Q: I painted my entire apartment about five years ago and the living room ceiling started peeling shortly after. Last year I scraped off what I could, plastered the entire surface, then painted with an alkyd base point. Now large patches are peeling off again, including the plaster. What can I do to repair this old surface and make paint adhere?
A: Plastering over the entire ceiling was a mistake that will continue giving you trouble unless you get that thin layer of plaster off. For cracks or shallow defeats you should have used spackling compound, not plaster, and even then you shouldn't have covered the entire ceiling. Now you will have to scrapte it all off, as well as most of the old paint. Something underneath was causing the original problem, so as long as some of the old paint is left you are bound to have trouble. One way to eliminate the need for getting all the old paint off is to scrape off as much as you can, then have the ceiling lined with canvas. You can then paint over this just as you would over plaster.
Q: I have noticed moss growing on our newly laid brick patio floor - in the sun as well as in the shade. What can be done about this?
A: There are several ways you can get rid of this type of growth. One is to use one of the various chemical preparations sold in garden supply stores for killing weeds and other types of plant life. Another is to buy one of the fungicides sold by swimming pool supply houses to treat swimming pools and surrounding areas that are troubled with moss. In both cases, follow directions on the package, and keep pets and children away from the area after it is treated.
Q: We recently purchased a ranch house that is about 25 years old and the basement has a very pungent mildew odor. What can we do to rid ourselves of this smell, and is there anything we should do to keep it from coming back in the future?
A: An odor such as you describe means there is a problem with dampness which is causing the mildew. First inspect every part of the basement to see if there is anything damp or water-soaked stored thre. If the walls are paneled, look behind them, even if it means removing one or more panels. Then check for the sources of dampness and make sure you take the steps necessary to keep moisture from coming in. To get rid of the odor you will also need plenty of ventilation. On dry days open all the windows and use a fan to circulate the air. An electric dehumidifier will also help - as will mild heat to help dry things out. Baking soda spread around in shallow aluminium tins is also a great odor abosorber.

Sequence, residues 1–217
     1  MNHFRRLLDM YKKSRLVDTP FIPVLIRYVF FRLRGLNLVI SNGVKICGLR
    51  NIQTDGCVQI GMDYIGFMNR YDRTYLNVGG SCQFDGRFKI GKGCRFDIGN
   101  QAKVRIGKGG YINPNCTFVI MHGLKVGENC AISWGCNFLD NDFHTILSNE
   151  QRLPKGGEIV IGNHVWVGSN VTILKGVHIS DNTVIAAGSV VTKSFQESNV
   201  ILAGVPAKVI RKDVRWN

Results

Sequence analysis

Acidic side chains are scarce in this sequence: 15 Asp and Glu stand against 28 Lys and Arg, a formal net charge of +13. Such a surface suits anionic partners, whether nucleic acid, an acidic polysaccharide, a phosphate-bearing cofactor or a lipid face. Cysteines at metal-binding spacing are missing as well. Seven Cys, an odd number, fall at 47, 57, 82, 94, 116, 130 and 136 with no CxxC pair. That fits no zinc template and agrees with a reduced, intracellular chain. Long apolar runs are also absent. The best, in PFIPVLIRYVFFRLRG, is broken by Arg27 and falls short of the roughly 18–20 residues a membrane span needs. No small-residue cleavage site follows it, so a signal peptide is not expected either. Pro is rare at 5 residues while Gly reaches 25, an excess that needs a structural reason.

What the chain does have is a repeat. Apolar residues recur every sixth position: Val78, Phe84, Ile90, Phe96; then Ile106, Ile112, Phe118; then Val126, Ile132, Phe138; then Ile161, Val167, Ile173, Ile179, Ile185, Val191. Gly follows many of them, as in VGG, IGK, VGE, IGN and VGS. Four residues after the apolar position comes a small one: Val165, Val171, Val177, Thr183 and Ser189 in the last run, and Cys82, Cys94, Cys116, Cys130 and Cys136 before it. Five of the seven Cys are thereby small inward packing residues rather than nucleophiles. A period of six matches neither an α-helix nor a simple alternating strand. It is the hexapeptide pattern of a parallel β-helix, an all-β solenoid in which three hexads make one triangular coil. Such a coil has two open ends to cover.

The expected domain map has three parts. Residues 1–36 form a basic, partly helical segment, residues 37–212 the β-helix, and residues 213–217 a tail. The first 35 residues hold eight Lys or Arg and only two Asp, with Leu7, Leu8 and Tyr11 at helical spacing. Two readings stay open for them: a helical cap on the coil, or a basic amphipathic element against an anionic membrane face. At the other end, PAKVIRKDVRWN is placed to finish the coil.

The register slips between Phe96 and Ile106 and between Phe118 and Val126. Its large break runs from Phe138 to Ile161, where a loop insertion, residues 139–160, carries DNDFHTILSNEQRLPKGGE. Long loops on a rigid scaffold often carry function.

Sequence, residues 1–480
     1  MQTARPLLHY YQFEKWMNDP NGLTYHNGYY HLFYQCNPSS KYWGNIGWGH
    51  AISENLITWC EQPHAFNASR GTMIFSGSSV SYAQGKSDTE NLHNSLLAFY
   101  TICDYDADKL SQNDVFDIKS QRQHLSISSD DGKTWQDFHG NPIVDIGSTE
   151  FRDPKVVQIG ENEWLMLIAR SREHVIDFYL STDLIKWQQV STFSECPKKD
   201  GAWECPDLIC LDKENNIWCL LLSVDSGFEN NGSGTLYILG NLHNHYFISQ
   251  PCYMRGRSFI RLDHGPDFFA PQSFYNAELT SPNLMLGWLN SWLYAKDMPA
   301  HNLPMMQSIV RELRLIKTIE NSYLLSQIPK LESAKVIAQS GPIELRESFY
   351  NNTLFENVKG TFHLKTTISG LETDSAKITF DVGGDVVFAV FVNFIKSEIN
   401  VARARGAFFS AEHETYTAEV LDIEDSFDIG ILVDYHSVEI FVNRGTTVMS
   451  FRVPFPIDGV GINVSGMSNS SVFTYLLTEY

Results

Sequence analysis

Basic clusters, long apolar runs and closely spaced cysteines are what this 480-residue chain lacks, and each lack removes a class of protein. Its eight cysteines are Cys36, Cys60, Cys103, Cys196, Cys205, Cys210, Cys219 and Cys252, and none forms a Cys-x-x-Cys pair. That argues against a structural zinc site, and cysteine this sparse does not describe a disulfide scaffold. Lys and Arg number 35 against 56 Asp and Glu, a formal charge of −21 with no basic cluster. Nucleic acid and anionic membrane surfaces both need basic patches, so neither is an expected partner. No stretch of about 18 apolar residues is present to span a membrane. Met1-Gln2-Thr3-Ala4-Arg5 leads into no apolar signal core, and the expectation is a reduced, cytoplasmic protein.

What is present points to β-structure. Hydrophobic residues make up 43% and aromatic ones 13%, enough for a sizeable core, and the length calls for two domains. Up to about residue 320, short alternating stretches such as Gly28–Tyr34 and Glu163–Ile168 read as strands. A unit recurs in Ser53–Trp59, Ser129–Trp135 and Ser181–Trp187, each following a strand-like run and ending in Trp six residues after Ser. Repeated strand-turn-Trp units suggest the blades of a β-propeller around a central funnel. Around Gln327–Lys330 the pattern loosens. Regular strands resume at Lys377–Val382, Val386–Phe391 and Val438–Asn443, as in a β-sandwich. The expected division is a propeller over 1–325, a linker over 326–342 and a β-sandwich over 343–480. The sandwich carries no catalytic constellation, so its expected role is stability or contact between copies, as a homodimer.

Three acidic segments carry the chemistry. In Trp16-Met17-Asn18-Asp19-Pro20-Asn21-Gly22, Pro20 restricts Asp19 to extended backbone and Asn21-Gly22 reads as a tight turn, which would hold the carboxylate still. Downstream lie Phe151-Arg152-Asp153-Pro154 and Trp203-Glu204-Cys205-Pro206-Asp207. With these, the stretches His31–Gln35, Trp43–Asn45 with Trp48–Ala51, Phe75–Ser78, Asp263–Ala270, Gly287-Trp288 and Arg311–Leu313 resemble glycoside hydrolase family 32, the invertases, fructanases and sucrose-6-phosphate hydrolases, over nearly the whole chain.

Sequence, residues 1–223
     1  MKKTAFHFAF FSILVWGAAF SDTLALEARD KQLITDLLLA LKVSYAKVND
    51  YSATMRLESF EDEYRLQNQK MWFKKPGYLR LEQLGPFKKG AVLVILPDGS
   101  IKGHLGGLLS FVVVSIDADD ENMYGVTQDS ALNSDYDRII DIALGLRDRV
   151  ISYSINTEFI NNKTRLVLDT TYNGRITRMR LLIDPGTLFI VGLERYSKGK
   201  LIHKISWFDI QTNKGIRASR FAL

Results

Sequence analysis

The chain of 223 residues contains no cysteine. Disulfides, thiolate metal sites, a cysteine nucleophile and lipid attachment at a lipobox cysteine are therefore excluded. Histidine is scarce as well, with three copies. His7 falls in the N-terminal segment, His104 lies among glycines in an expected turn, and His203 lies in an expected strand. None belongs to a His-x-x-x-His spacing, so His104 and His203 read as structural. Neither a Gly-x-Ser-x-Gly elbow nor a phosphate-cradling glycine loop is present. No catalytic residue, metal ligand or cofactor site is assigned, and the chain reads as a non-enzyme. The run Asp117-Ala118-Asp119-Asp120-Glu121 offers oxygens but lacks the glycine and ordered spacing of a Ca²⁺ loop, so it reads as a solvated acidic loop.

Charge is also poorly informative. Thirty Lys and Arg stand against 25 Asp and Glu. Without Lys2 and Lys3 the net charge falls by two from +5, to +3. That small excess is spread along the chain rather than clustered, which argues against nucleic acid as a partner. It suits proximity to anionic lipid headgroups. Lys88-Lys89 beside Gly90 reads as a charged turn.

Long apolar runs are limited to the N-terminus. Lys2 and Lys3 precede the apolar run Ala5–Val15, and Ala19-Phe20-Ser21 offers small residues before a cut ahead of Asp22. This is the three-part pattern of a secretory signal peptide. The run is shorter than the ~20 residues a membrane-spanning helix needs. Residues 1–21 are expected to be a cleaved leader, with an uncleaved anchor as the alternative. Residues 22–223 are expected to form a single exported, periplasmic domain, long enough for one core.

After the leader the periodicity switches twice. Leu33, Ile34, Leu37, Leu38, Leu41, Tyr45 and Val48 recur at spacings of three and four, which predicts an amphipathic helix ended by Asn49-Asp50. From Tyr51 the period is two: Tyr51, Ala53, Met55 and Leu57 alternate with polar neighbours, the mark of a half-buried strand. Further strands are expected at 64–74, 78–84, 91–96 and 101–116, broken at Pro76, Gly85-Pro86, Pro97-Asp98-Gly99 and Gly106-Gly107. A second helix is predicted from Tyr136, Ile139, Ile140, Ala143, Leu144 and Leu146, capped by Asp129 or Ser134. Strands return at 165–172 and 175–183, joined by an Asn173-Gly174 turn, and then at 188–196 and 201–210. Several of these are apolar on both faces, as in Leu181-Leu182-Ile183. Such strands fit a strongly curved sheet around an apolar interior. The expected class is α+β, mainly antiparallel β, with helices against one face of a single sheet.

Q: The metal panel on the back of my refrigerator is held on with self-tapping metal screws. Several of them are losse and won't hold, so the panel vibrates when the refrigerator runs. I don't want to drill larger holes for bigger screws because I am afraid to drill into the box. Do you have a suggestion?
A: You don't have to drill larger holes to replace the screws with larger one. Just take the old screw to the hardware store and buy one just one size larger in diameter. Then screw this into the smae holes. It will take a bit more pressure on the screwdriver handle, but after pressing hard you wil find the screw ill enlarge the hole without too much trouble.
Q. Two years ago we put flock wallpaper in our bathrooms. Within six months mold started to grow. I washed the paper with a mild Clorox solution, but within a short time th mold was growing again. We installed exhaust fans to rid the bathrooms of humidity, but the mold continues to grow. I want to replace the paper, but am afaid the same thing will happen again. Do you have any suggestions?
A. Flock wallpaper is a poor choice for a bathroom because it tends to absorb and hold moisture, but chances are the trouble is being caused by the paste used to hang your wallpaper. If the paste used was not mildew-resistant, the mild started growing behind the paper and worked its way to the surface. I advice taking all the paper off, then scrubbing the walls with a solution made of one part fresh Clorox with three parts water. Add some powdered detergent, then scrub on and allow to set for a few minutes. Rinse with clean water. When hanging you new paper, use a vinal base paste that is resistant to mildew.
Q. My home in eastern Long Island faces the water and has a cedar deck about five years old that has never been treated.It is starting to crack and splinter. I have been advised to treat it with linseed oil by some, while others recommended a wood preservative. What treatment do you recommend to help preserve the wood?
A. I would not advise linseed oil - it tends to darken, and accumulates dirt and mildew. A wood preservative is your best bet. You can use it clear or add a pigment if you want to stain the wood or restore some color.
Questions about home repair should be addressed to: Home Imporvement Department, The New York Times, 22 West 43rd St., New York, N.Y. 10036. Only questions of general intrest can be answered in this column.